Cardiovascular (CV) safety of celecoxib, a prescription pain killer, is equivalent to that of naproxen and ibuprofen, concluded two panels of the U.S. Food and Drug Administration (FDA). The FDA’s Arthritis Advisory Committee (AAC) and the Drug Safety and Risk Management Advisory Committee (DSaRM) voted 15 yes, 5 no, and 1 abstention in favor of the drug’s safety. This was based on the Prospective Randomized Evaluation of Celecoxib Integrated Safety vs Ibuprofen or Naproxen (PRECISION) trial.
The drug celecoxib is sold by Pfizer under the brand name Celebrex. Its safety for heart was questionable for a long time. Now, with the voting of FDA, it is proven to pose no greater risk for causing heart attacks and strokes as compared to widely used pain relievers aproxen and ibuprofen. Based on the committee’s conclusion, the FDA may change the advice about the drug’s safety that it provides to doctors.
PRECISION was a randomized, double-blind, active-controlled, parallel-group trial that began in 2006. It involved study on 24,081 patients who had osteoarthritis or rheumatoid arthritis and had or were at high risk for CV disease. It is a postmarketing trial requested by the FDA for evaluation of CV thrombotic risk of celecoxib following the emergence of new data about the risk for CV thromboembolic events linked with the cyclooxygenase-2 (COX-2) selective nonsteroidal anti-inflammatory drugs (NSAIDs) rofecoxib and celecoxib.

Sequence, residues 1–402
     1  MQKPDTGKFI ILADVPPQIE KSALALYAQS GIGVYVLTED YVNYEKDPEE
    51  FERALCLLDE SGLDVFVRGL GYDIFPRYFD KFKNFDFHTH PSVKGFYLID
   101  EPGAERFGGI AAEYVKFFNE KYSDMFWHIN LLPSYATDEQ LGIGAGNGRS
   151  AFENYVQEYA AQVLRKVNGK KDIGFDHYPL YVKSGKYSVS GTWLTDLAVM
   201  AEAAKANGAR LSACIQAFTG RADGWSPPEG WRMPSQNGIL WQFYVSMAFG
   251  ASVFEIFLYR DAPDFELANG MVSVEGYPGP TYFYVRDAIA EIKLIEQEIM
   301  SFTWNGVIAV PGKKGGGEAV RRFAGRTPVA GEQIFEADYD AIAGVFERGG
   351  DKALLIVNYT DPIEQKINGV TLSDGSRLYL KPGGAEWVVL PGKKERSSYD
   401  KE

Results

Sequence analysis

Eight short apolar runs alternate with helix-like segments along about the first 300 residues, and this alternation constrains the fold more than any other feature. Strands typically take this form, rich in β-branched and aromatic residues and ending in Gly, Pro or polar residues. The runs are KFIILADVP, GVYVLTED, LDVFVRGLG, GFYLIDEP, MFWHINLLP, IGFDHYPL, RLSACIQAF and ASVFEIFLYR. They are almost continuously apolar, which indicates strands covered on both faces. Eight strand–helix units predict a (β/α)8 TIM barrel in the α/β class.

“I have been convinced by the committee that the trial did add value; I believe there is comparable CV event rate at the 100 mg dose, so my answer was ‘yes’ in that context,” said temporary voting panel member Christianne L. Roumie, MD, MPH, associate professor, internal medicine and pediatrics, Institute for Medicine and Public Health, Vanderbilt University, Nashville, Tennessee.
The study’s primary Antiplatelet Trialists’ Collaboration (APTC) endpoint was an independently assessed composite of CV death, nonfatal myocardial infarction, or nonfatal stroke. The trial’s primary hypothesis was celecoxib’s noninferiority to naproxen for the APTC endpoint. Other hypotheses were whether the drug was inferior to ibuprofen and whether ibuprofen was noninferior to naproxen for the APTC endpoint.
Suzanne Robotti, the panel’s consumer representative and the executive director of DES Action USA, a group advocating for people injured by diethylstilbestrol, was the lone abstainer. “I objected to the phrasing of the question,” she said. “I found the results of [the study] to be reassuring but they didn’t demonstrate safety; they [just] showed no increase in harm. A range of doses was not tested with Celebrex, and I’m not confident the medical community will restrain itself when prescribing in real life.”
For further related information click on the link: 10.1056/NEJMoa1611593
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